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Growth and equality effects of pension plans

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  • DOCQUIER, Frédéric
  • PADDISON, Oliver

Abstract

We investigate the balanced growth effects of pension plans on the rate of growth and on equalityin a closed economy where individual decisions about education are the engine of growth. We distinguish between pay-as-you-go and fully-funded pension systems and differentiate between three different benefit rules: a Beveridgean one (benefits are identical for all agents), a Bismarckian (earnings related) one depending on one's entire earnings history or a Bismarckian one depending on one's partial earnings history. Interestingly, in the latter case the steady state rate of growth is increasing in the rate of contributions.

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Bibliographic Info

Paper provided by Université catholique de Louvain, Center for Operations Research and Econometrics (CORE) in its series CORE Discussion Papers with number 2000036.

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Date of creation: 00 Jul 2000
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Handle: RePEc:cor:louvco:2000036

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Keywords: Public Pensions; Education; Growth; Inequality.;

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  1. MARCHAND, Maurice & MICHEL, Philippe & PESTIEAU, Pierre, 1993. "Optimal intergenerational transfers in an endogenous growth model with fertility change," CORE Discussion Papers 1993011, Université catholique de Louvain, Center for Operations Research and Econometrics (CORE).
  2. Raquel Fernandez & Richard Rogerson, 1995. "Education Finance Reform and Investment in Human Capital: Lessons from California," NBER Working Papers 5369, National Bureau of Economic Research, Inc.
  3. Benhabib, Jess & Spiegel, Mark M., 1994. "The role of human capital in economic development evidence from aggregate cross-country data," Journal of Monetary Economics, Elsevier, vol. 34(2), pages 143-173, October.
  4. Willi Leibfritz & Deborah Roseveare & Douglas Fore & Eckhard Wurzel, 1995. "Ageing Populations, Pension Systems and Government Budgets: How Do They Affect Saving?," OECD Economics Department Working Papers 156, OECD Publishing.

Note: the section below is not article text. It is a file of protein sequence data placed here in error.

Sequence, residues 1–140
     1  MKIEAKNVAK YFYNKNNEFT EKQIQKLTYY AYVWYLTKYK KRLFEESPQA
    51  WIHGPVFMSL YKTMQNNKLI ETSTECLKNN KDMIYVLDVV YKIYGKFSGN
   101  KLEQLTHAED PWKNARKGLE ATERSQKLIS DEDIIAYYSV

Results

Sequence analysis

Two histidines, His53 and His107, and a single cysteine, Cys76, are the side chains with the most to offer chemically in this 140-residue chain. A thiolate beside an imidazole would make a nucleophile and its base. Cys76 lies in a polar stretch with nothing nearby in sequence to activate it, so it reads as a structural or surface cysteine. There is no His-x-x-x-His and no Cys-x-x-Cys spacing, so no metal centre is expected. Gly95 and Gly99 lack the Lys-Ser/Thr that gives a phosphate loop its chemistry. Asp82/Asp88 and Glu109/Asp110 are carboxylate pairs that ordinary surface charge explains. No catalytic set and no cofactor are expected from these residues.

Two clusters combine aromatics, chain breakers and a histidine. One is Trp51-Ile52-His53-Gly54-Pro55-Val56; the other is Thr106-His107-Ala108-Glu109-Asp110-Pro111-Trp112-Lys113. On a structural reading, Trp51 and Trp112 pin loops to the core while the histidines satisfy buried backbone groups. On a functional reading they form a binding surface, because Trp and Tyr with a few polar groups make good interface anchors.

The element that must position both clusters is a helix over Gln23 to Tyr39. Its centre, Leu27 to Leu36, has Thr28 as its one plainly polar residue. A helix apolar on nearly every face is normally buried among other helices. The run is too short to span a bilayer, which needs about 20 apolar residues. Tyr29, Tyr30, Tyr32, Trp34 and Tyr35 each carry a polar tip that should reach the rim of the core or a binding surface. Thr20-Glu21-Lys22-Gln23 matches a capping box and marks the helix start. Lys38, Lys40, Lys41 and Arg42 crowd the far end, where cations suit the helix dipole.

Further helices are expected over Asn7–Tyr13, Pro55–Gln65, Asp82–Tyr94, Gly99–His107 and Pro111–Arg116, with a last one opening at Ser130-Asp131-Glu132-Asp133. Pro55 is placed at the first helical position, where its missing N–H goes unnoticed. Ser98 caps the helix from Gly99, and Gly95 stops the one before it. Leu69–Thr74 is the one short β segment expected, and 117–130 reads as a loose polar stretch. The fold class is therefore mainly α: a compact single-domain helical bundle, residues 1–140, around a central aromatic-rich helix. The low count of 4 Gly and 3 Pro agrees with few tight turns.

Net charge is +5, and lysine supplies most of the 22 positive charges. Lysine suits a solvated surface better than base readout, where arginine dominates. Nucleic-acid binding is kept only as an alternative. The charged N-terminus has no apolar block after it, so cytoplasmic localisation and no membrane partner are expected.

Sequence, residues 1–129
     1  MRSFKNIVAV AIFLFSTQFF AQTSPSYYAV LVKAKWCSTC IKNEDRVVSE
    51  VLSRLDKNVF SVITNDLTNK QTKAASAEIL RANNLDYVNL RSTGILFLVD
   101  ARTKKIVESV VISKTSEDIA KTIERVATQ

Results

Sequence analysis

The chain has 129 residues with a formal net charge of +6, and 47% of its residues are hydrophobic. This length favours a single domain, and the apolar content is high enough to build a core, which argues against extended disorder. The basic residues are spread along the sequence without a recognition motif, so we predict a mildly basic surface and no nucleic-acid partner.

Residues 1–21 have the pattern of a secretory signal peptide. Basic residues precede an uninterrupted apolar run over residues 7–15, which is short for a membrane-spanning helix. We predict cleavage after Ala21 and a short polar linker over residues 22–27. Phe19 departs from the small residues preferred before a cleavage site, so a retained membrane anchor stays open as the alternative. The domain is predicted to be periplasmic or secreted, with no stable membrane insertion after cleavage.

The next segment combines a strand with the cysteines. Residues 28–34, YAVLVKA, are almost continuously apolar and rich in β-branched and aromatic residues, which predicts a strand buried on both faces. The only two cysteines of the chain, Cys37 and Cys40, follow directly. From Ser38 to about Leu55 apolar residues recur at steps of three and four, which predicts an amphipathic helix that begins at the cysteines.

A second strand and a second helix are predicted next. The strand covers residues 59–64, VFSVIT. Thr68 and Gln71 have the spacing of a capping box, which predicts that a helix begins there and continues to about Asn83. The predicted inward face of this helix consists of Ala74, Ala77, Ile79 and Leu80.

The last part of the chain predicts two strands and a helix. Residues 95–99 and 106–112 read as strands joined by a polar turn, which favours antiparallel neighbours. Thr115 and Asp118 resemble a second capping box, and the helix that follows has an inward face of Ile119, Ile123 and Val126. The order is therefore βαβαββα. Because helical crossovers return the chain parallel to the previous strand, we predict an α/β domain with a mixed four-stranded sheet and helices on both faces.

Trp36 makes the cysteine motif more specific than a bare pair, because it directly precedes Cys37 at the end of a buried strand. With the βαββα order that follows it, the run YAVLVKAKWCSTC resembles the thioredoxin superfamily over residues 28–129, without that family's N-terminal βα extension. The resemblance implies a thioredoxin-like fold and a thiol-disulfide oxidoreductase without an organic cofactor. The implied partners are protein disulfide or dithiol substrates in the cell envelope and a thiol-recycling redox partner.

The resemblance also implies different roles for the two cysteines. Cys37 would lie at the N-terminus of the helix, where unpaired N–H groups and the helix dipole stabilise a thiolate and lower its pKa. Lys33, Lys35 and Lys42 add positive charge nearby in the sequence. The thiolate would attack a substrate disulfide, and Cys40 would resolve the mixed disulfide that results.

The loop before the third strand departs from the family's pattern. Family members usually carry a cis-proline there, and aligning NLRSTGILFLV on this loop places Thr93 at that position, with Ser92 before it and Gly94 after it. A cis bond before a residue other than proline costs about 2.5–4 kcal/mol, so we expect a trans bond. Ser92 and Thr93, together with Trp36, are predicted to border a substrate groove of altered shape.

5. MARCHAND, M. & MICHEL, Ph. & PESTIEAU, P., 1990. "Optimal intergenerational transfers in a growth model with fertility and productivity changes," CORE Discussion Papers 1990059, Université catholique de Louvain, Center for Operations Research and Econometrics (CORE).
  6. Jie Zhang & Junsen Zhang, 2004. "How does social security affect economic growth? Evidence from cross-country data," Journal of Population Economics, Springer, vol. 17(3), pages 473-500, 08.
  7. Sen, Amartya, 1973. "On Economic Inequality," OUP Catalogue, Oxford University Press, number 9780198281931, September.
  8. Mankiw, N Gregory & Romer, David & Weil, David N, 1992. "A Contribution to the Empirics of Economic Growth," The Quarterly Journal of Economics, MIT Press, vol. 107(2), pages 407-37, May.
  9. DOCQUIER, Frédéric & MICHEL, Philippe, 1994. "Education Subsidies and Endogenous Growth : Implications of Demographic Shocks," CORE Discussion Papers 1994052, Université catholique de Louvain, Center for Operations Research and Econometrics (CORE).
  10. Kaganovich, Michael & Zilcha, Itzhak, 1999. "Education, social security, and growth," Journal of Public Economics, Elsevier, vol. 71(2), pages 289-309, February.
  11. Glomm, Gerhard & Ravikumar, B, 1992. "Public versus Private Investment in Human Capital Endogenous Growth and Income Inequality," Journal of Political Economy, University of Chicago Press, vol. 100(4), pages 818-34, August.
  12. Glomm, G. & Kaganovich, M., 1999. "Income Distribution Effects of Public Education and Social Security in a Growing Economy," Papers 9901a, Michigan State - Econometrics and Economic Theory.
  13. CASAMATTA, Georges & CREMER, Helmuth & PESTIEAU, Pierre, 1998. "On the political sustainability of redistributive social insurance systems," CORE Discussion Papers 1998038, Université catholique de Louvain, Center for Operations Research and Econometrics (CORE).
  14. Zhang, Jie, 1995. "Social security and endogenous growth," Journal of Public Economics, Elsevier, vol. 58(2), pages 185-213, October.
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